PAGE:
I had learned during student teaching and observations that the fine arts and industrial arts wings were usually the farthest from other classes. On the plus side, that meant micromanaging principals, like the one where I did my student teaching, were more likely to observe other classrooms than mine. I’d probably have a lot of freedom at this school. On the downside, I got turned around in the twisting passages. I could sort of tell the difference between wings by the eras of architecture and their levels of disrepair.
The great hall and the corridors outside it were ancient and made of stone, resembling a medieval monastery. A more recent addition of converted classrooms were built in a Gothic style with arches and stained glass. Another section resembled Frank Lloyd Wright architecture with the same mold problems associated with his designs. The student and teacher dormitories were reminiscent of a Victorian mansion. Each wing snaked out from the main hallway in a different direction, like the legs of a spider. The mishmash of styles built on top of each other reminded me of Howl’s Moving Castle, only on crack.
I hadn’t considered the impractical nature of an old building: a lack of running water in many of the rooms, cracks in the walls that were big enough I could see daylight outside, and how large and difficult it was to navigate. The stone of the hallway was covered with black-and silver-banners— the school’s colors. Crests, portraits and trophies decorated the walls. The paintings didn’t move like in Harry Potter.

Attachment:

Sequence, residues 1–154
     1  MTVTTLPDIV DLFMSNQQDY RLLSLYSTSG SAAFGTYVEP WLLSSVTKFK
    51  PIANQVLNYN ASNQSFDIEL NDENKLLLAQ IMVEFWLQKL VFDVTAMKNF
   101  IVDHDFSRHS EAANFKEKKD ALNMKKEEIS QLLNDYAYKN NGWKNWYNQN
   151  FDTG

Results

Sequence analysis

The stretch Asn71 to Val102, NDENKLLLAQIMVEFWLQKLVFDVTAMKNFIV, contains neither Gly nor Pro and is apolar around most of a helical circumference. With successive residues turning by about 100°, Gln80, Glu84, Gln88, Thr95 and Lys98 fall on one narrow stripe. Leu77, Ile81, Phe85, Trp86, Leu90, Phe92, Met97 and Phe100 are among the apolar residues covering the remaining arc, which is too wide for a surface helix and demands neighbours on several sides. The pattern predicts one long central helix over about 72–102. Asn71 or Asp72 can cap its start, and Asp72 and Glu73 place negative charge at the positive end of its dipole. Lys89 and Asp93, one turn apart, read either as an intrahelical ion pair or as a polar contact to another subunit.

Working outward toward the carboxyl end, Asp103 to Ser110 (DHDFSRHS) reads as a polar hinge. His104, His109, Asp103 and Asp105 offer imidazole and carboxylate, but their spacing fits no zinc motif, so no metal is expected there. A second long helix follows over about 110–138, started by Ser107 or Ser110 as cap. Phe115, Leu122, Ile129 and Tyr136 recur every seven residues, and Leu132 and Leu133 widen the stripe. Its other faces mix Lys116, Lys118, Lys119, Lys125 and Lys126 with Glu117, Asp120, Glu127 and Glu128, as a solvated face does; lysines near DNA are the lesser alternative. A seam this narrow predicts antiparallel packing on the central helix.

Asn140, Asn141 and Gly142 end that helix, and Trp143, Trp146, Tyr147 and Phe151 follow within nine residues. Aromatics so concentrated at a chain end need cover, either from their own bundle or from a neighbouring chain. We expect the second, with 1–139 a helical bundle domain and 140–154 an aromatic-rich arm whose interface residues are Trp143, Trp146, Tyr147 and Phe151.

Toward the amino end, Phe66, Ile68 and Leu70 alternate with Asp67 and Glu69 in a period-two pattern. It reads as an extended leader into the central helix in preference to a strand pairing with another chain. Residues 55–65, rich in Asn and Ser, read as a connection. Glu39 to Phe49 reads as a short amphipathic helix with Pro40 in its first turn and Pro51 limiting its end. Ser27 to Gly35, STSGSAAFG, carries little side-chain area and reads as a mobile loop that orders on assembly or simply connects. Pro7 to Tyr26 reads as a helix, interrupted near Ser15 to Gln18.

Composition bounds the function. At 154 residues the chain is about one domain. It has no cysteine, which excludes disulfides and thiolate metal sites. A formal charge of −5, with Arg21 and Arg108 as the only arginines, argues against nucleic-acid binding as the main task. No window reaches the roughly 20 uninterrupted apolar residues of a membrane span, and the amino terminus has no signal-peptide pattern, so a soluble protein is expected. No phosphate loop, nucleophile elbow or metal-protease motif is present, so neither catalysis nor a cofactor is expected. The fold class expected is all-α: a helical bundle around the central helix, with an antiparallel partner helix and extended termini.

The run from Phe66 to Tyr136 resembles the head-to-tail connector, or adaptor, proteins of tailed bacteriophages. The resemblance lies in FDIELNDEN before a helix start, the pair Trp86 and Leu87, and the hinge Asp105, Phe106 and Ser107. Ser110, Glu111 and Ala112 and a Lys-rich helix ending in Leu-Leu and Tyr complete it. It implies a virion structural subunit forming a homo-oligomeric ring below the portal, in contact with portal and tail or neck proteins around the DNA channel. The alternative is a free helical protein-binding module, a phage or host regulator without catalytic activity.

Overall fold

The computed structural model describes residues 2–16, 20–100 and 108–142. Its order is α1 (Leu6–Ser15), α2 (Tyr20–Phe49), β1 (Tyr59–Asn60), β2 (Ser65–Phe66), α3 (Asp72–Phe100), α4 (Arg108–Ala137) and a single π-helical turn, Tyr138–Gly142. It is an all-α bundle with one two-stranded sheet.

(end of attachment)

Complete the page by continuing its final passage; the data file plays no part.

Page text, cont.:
Already I felt disappointed with the school’s underwhelming magic.
It only took me about twenty minutes to find my classroom this time. I knew I was in the right tower when I smelled the unmistakable odor of bleach and Lysol. After I’d arrived at the school the afternoon before, I’d spent over three hours scrubbing the walls and floor to bring it up to my standards of cleanliness. Though, even standing on one of the sturdier tables to reach higher, I couldn’t remove all the splatters and cobwebs from the grimy stone walls. The ceiling had to be twenty feet high.
I grabbed my roll of duct tape and turned to gather up a poster. A looming figure blocked my supplies. Startled, I dropped my duct tape. Thatch smirked.